Peach Tree Borers are a Problem Worth Facing
March 31, 2018
I suspect that my peach tree died of borers a few years ago because when I took it out I found lesions way down low on the trunk, partially buried. I am finally ready to plant a tree and would like to plant a peach, but is it okay to plant in the same spot?
- Wayne B., Los Lunas, NM
The greater peach tree borer (Synanthedon exitiosa) is known for causing oozing trunk wounds found at ground level or just below the soil line on stone fruit trees. The sap is often clear, but sawdust frass produced by the borer can be mixed in, giving it a darker color. Stone fruits are named for the pit, or “stone,” that encloses the seed; they include peaches, nectarines, plums, cherries, almonds, and others.
I’m focusing this column on the greater peach tree borer, but peach trees are susceptible to other pests as well as any damage to the thin bark tissue, all of which can cause a sappy glob to form. Damage from a weed whacker, for example, could create a gooey lesion down low on the trunk.
Besides a late freeze, the peach tree borer (also spelled peachtree borer) is the worst threat to stone fruits in New Mexico. Dr. Carol Sutherland, NMSU Extension Entomology Specialist and NMDA Entomologist, says peach tree owners need to be aware that “everybody will have peach tree borer sooner or later, and if you do nothing it will kill your tree.”
Plant stress can be an invitation to pests, which are more likely to attack when the immune systems are weak. Proper planting in an area that allows for a healthy root mass, combined with appropriate irrigation, sets the ideal situation for growing healthy, sustainable plants and protecting them from pests and disease. However, the peach tree borer is one pest that will attack perfectly healthy, non-stressed stone fruit trees.
So what should we do about it?
There are a limited number of insecticides available for control, but once the larvae get into the sapwood they are protected from most chemical treatments. More information about these options can be found on the online version of this column. Read the chemical label carefully before applying to plants in your garden and carefully follow directions!
Finding and either removing or killing the eggs is a good way to reduce the chance of infection. To do this, we need to know when and where eggs are laid and what they look like. Understanding the life cycle of any plant pest is key to controlling it. Female adult peach tree borer moths can lay up to 400 eggs on the bark and in trunk cracks down near the tree base of stone fruits, sometimes in the soil. Depending on where you are in New Mexico, this may occur from late June to September. Eggs are tiny (approximately 0.03 inch long), dark reddish-brown, hard, slightly flattened ovals. The photos of peach tree borer eggs look to me like miniscule watermelon seeds glued to the bark. The larvae hatch after only 7–10 days. Once you find the eggs, you can physically remove as many as possible. Larvae do not persist in the soil, so planting a peach tree in the same location where one was infested before will not be a problem.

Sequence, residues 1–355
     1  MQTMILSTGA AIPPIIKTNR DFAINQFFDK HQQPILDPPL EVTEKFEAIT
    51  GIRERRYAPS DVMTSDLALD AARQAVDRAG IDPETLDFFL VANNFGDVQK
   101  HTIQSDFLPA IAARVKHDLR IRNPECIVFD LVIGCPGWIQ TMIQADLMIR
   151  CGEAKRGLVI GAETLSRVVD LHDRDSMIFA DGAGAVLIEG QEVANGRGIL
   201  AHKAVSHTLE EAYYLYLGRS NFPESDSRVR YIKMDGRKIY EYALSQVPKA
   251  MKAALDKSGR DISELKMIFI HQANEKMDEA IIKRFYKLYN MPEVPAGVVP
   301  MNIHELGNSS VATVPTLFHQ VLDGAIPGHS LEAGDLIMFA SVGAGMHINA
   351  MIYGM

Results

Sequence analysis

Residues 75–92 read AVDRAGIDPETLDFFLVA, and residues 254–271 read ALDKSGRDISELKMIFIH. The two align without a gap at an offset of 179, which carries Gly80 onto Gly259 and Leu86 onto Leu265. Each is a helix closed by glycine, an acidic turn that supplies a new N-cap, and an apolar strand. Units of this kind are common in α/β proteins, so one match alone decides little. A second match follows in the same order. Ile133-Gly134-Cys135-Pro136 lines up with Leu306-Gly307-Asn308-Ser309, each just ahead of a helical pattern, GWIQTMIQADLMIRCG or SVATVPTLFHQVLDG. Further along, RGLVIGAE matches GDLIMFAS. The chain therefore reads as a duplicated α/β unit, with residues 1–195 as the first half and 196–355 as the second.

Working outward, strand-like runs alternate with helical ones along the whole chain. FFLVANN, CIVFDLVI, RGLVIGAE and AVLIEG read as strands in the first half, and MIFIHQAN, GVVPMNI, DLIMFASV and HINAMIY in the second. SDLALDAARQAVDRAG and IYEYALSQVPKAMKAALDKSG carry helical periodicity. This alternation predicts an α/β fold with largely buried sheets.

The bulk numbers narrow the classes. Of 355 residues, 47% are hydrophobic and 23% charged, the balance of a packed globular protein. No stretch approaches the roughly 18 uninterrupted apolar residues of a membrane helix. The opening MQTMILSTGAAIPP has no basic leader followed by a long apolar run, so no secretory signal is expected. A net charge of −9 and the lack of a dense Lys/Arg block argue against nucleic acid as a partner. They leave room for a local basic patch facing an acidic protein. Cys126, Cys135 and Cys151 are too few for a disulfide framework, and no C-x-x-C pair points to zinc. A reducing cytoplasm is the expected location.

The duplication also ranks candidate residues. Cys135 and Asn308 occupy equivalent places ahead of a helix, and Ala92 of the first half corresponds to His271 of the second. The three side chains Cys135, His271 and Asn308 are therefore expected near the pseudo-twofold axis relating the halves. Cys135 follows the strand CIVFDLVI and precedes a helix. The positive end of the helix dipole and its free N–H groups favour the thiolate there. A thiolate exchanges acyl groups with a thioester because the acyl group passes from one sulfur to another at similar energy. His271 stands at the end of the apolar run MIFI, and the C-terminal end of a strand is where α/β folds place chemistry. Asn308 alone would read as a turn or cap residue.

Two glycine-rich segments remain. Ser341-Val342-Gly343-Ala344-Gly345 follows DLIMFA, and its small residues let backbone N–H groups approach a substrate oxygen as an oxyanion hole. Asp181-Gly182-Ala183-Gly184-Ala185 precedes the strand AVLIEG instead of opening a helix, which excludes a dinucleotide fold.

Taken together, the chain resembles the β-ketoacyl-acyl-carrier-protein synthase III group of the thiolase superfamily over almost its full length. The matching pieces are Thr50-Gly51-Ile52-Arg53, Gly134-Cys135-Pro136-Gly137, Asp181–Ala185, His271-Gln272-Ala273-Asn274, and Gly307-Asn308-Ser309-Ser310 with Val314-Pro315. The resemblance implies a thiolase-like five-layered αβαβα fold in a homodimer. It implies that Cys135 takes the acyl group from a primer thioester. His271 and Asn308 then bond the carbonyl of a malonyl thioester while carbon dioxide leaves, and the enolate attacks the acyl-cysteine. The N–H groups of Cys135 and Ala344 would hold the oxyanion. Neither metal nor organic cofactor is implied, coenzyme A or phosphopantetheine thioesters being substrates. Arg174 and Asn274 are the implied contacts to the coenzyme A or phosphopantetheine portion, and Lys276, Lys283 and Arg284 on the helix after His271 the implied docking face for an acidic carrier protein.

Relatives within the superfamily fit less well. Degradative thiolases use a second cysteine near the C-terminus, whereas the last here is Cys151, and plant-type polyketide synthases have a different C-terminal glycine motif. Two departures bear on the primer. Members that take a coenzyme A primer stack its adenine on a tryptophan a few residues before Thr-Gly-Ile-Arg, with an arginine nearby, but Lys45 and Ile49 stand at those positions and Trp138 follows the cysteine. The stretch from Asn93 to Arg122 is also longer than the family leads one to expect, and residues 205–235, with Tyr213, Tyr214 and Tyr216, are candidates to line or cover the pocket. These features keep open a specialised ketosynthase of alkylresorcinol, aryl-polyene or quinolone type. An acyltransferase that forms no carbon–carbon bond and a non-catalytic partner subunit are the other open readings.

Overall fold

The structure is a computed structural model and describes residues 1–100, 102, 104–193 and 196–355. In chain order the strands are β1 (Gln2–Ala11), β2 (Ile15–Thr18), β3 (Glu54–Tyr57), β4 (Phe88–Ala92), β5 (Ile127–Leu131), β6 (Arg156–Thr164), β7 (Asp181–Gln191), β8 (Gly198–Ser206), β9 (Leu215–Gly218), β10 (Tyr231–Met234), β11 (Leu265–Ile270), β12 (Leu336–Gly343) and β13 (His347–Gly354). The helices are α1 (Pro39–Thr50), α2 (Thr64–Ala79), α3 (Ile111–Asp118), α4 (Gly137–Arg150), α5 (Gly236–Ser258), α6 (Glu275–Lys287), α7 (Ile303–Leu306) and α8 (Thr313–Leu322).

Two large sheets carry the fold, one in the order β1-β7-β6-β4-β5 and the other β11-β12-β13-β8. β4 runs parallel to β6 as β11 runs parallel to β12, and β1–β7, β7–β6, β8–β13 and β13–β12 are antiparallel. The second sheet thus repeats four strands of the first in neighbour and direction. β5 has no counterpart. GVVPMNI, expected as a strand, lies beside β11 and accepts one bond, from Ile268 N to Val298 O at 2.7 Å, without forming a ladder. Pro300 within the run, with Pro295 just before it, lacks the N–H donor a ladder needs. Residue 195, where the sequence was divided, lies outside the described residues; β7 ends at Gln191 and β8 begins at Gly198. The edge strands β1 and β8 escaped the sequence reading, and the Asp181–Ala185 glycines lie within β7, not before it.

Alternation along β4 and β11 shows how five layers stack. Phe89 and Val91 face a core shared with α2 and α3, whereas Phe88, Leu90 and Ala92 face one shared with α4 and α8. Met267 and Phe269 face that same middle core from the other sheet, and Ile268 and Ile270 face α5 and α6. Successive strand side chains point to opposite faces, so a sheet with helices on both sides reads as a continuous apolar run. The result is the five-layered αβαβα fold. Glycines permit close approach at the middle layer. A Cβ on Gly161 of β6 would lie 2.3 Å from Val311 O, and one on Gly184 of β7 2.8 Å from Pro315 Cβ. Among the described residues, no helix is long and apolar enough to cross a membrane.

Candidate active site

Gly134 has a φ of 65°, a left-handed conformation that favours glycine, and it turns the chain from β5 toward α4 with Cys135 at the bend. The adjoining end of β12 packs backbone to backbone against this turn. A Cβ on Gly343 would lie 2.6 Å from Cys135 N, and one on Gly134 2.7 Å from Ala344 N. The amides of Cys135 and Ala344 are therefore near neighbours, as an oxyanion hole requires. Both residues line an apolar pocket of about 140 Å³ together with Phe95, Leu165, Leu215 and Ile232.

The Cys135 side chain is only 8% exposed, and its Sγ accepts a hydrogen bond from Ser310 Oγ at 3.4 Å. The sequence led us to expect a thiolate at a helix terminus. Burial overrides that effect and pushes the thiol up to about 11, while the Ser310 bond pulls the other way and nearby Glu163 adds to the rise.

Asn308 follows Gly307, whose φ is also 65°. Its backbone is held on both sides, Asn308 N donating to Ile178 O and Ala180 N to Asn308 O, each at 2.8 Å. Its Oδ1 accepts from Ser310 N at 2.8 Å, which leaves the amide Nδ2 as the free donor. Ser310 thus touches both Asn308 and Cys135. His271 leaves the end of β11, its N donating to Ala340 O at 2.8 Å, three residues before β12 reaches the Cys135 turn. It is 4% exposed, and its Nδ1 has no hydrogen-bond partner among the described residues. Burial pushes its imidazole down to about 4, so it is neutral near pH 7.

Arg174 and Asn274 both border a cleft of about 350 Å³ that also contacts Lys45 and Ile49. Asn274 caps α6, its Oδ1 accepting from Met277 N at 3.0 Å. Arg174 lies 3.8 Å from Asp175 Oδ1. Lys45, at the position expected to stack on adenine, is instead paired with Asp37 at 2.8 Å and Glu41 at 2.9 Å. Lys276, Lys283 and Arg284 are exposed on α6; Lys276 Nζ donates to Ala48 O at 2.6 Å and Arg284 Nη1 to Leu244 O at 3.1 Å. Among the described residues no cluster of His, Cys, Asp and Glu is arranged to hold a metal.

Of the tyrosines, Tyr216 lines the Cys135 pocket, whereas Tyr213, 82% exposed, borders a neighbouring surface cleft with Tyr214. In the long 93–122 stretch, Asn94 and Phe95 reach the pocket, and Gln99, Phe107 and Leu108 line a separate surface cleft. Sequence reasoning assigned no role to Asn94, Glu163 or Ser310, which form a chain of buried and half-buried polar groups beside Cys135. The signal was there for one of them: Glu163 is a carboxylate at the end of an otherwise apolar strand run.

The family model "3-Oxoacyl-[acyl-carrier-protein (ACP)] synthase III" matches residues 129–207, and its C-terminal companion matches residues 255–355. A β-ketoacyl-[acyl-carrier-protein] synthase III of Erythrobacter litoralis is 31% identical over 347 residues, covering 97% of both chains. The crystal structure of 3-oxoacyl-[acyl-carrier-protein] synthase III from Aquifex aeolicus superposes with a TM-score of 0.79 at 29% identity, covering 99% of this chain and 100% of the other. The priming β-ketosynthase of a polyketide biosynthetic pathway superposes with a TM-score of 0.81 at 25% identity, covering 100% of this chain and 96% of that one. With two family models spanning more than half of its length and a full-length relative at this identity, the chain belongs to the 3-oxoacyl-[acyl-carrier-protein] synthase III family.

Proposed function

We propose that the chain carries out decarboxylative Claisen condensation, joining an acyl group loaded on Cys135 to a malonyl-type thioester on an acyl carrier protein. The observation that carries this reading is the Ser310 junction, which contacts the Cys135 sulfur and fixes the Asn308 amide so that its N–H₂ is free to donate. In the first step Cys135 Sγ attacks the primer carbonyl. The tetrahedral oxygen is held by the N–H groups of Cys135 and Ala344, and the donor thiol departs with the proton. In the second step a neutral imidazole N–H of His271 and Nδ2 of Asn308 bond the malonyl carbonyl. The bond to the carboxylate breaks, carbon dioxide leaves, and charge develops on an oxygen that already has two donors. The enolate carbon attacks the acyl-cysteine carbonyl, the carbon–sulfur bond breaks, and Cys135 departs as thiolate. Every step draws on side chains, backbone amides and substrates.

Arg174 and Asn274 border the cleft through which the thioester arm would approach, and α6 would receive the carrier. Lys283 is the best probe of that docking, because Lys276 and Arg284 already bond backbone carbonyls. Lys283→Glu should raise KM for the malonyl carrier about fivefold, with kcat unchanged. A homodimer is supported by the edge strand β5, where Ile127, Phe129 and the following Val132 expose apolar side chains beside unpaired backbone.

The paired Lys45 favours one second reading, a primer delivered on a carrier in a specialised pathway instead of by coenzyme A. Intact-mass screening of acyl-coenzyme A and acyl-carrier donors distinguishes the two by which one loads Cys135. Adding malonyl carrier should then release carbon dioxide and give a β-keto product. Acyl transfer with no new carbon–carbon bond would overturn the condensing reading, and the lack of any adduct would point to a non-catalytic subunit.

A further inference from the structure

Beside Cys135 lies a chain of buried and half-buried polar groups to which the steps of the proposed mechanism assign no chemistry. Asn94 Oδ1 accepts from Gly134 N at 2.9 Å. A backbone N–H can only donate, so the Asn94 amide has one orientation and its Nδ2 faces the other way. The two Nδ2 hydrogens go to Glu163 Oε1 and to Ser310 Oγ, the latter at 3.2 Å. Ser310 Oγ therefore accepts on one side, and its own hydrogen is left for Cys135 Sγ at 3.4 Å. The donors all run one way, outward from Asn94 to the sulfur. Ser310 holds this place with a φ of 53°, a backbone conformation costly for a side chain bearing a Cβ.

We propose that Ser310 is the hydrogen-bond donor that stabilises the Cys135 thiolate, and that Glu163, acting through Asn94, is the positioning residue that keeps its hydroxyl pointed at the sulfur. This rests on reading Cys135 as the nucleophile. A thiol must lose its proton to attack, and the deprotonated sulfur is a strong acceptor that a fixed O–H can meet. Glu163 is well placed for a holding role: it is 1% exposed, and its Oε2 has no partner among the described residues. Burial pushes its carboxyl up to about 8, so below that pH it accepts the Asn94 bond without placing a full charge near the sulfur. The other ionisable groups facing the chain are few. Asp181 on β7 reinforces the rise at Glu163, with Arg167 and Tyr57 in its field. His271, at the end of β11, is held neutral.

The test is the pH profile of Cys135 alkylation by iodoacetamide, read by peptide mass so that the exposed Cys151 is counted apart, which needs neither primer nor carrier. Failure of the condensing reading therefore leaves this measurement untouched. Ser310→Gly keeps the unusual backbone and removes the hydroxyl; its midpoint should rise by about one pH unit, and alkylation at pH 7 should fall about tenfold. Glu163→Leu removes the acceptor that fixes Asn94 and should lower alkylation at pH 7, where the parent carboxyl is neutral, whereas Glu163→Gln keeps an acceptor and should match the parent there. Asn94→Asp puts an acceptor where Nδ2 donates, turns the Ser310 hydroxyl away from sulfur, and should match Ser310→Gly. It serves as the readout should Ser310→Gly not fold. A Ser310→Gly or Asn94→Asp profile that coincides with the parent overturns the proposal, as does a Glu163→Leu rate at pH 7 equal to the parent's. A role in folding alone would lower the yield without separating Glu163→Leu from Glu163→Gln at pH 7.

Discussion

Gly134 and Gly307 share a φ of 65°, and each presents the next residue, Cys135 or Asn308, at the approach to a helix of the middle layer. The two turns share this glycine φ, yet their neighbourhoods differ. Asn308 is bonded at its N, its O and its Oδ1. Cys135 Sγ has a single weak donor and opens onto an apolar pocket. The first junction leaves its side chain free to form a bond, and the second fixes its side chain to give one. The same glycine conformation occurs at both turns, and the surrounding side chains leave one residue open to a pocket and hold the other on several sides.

Dr. Curtis Smith, retired NMSU Extension Horticulture Specialist, offers that “the borer may not completely girdle the tree, but may cause damage to the bark and cambium in a portion of the trunk. In such a case, with only one or a few borers active in the trunk, the top of the tree may die in sections, one branch at a time. A zone of dead bark will be found at the base of the tree, but the tree will not be completely girdled.” You may still be able to get a good load of fruit even after infestation, but management is still recommended.
If you do not see injury symptoms, one way to get ahead of eventual infestation is by trapping. You can monitor for the presence of adult peach tree borers by using strategically placed traps during the growing season. For links to more information on traps and the lures, visit the website listed above.
Peaches can be extremely rewarding to grow in New Mexico. Even with this pest pressure and other common problems, I still recommend growing them. Peach trees and other stone fruits are often called “short-lived trees.” But when I ask how long is short, the responses vary widely. Some say 20 years, some say 10—I’ve even heard 7 years for a peach tree lifespan. Because many of these trees grow so well and produce fruit quickly, you can enjoy huge crops on young trees.
Perhaps we should think of these short-lived fruit trees as “decadal” plants that live for approximately 10 years, and plan accordingly. Gardeners do not usually lament killing an annual plant, like tomato, at the end of its 1-year growing season. Staggering the planting of a few stone fruit trees over several years can help ensure that, by the time removal of older trees is necessary, a younger one will provide the peach fix.
So yes, go ahead and plant your new peach tree in the same place where your old tree died, and next year plant another.
Marisa Y. Thompson, PhD, is the Extension Horticulture Specialist, in the Department of Extension Plant Sciences at the New Mexico State University Los Lunas Agricultural Science Center, email: firstname.lastname@example.org, office: 505-865-7340, ext. 113.
Please copy your County Extension Agent and indicate your county of residence when you submit your question!